Summary: Mallard’s speed record and what happened to Driver Duddington and fireman Bray. . . . . . .
If you live in York, as I do, the time comes, sooner or later, when a trip to London is called for. There’s basically a choice – train to Kings Cross or car along the A1 and A1(M). In either case, railway folk are always drawn to the story of Mallard’s record breaking run on 3rd July 1938. I hesitate to dig deep into a story that has been told many times but I have to say that, south of Doncaster, the mind drifts into past railway glories (though not too much if I’m driving). As the miles pass I see those signs pointing you off the
A1 and up side roads to reach places familiar as timing points on the main line. There’s Sutton bank, but also small villages like Claypole and Werrington, not to mention bigger towns like Grantham and Retford.
I can see it now. Mallard crests the summit at Sutton and starts the descent of Stoke bank, gathering speed. Driver Joe Duddington, not a man to shy away from a challenge, lets the locomotive have her way, nodded to by inspector Sid Jenkins. Fireman Tommy Bray shovels coal quickly into the firey jaws of the locomotive. There are plenty of stories of the run, of that top speed (126 mph (?) or was it, perhaps, a slip of the recorder on the graph paper? Did it really happen?). I like to imagine the sheer sound of it all, the heat blast when Tommy opens the fire doors, the roar, Joe, leaning against the sight glass of the driver’s window, flat cap turned backwards in his trademark style. This is it, suddenly, the big one!
Passing through Werrington as Joe eased off the regulator, a passer by was waiting at the crossing gates for the train to pass. ‘I knew something funny was going on,’ she is supposed to have said. ‘The train was very noisy and very fast. It was gone past us in a flash.’ It was a secret, of course, nobody thought it was that exciting, even if you saw it at Werrington Crossing. ‘Never thought about it afterwards. We just got on the bus to Peterborough.’
Video: Courtesy BBC News Magnificent Mallard World #039
Coming down Sutton Bank at speed was no laughing matter. Harry Walker, remembering his time with the locomotive trails of 1948, was in the dynamometer car behind LMS Coronation Class ‘City of Birmingham’. The pilot didn’t alert the driver to the speed check on the up line at at Peterborough and the locomotive nearly left the track. ‘’We went back afterwards and I could see the tyre marks rising up the inside of the rail…’ Hearts in the mouth stuff, then, and that was just in the dynamometer car.
It wasn’t a secret for long. And there is that photograph, of Tommy and Joe and Sid and a few others on the platform in front of Mallard, smiling (sort of), a mixture of pride and perhaps astonishment and pride at what they had done. It’s priceless, a moment in railway history time, never to be forgotten. The record had been snatched from the Germans, a prestige matter. One German writer noted ‘that only the British would name a record breaking steam locomotive after a duck.’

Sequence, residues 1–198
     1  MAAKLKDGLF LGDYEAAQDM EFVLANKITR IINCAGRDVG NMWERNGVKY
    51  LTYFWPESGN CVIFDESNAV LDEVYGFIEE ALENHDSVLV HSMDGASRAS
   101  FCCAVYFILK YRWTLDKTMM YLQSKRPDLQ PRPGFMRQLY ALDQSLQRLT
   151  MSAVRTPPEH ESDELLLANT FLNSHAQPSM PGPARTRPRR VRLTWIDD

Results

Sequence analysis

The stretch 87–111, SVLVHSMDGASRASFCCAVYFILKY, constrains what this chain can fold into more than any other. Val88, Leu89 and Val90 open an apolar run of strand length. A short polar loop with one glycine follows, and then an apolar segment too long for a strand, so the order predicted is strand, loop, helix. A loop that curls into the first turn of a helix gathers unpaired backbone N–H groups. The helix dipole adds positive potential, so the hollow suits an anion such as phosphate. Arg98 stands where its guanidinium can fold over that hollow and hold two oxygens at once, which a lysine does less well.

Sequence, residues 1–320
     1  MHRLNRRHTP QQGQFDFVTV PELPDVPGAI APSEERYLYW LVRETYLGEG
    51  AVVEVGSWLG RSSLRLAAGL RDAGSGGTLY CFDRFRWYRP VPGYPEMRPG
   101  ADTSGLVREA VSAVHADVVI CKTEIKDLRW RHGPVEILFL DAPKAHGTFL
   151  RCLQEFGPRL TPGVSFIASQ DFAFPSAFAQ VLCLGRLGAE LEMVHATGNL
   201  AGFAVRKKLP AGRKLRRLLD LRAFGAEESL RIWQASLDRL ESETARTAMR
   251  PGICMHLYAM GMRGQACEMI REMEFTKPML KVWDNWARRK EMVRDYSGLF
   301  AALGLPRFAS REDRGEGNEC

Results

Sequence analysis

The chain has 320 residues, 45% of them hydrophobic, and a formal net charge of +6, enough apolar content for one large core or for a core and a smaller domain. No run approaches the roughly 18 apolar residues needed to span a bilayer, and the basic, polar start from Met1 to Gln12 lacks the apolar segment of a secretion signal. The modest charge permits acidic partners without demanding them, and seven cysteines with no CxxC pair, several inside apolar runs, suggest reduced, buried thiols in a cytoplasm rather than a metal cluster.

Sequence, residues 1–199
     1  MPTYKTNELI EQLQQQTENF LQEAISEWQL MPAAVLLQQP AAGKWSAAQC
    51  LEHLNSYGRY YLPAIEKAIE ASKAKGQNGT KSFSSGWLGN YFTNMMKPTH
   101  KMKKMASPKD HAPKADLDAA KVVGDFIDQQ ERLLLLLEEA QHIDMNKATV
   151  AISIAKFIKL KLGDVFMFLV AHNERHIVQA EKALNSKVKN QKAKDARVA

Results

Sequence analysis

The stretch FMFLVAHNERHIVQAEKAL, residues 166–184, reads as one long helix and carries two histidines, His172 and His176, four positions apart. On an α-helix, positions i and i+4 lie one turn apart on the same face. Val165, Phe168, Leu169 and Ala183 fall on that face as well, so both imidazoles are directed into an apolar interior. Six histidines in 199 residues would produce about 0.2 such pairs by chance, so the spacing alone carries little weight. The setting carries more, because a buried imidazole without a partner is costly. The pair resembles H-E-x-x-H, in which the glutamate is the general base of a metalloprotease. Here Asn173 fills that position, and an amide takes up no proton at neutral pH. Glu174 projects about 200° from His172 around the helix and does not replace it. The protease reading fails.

As I am sure you all know, Sir Nigel Gresley, Mallard’s designer, died young in 1942. He is buried in a plot near the church at the family seat of Netherseal, Derbyshire. It’s been restored by the Gresley Society and is well worth a look, just a few metres off the National Forest Way long distance footpath.
The same recognition wasn’t afforded to Joe or Tommy. Joe was buried in an unmarked grave in Hyde Park cemetery, Doncaster, but, after a determined campaign, he was located and his grave restored. Tommy now has a memorial too. Mallard’s memorial is itself, sitting proudly in the Great Hall of the NRM. It’s a legend, I suppose, and like all legends there’s always that whiff of imagination when you look at it – ‘what was it really like?’
The A1 passes on, approaching Peterborough and turning into a 6 lane highway before picking up again south, that familiar route – Huntingdon, Sandy, Hitchin - but, by then, Mallard had done her bit and history made. The road is pretty empty today. I wonder if my car might just break that record? No, better not……..
Mallard’s story and the research behind it, is here
The campaign to mark Joe Duddington’s grave is told by the Doncaster Free Press here
Steve Davies, the NRM Director at the time, decided that to celebrate the 75th anniversary of Mallard’s record run, all six surviving A4s should come together for the ‘Great Gathering’. This amazing achievement generated huge attendance at the NRM and Shildon and the Friends had a sales stand at both sites. We published a book about Gresley’s A4 Class, and for the 16 days of the initial exhibition at York, open 10am to 6pm, we sold a book every two minutes, that’s almost 4000 copies! As in 1988, when Mallard 88 generated a large income from ticket sales, Mallard 75 did the same, which helped the Friends’ funds having earlier donated a large sum for the restoration of two of the Gresley A4s in the event.
Have a look at Friends book shop here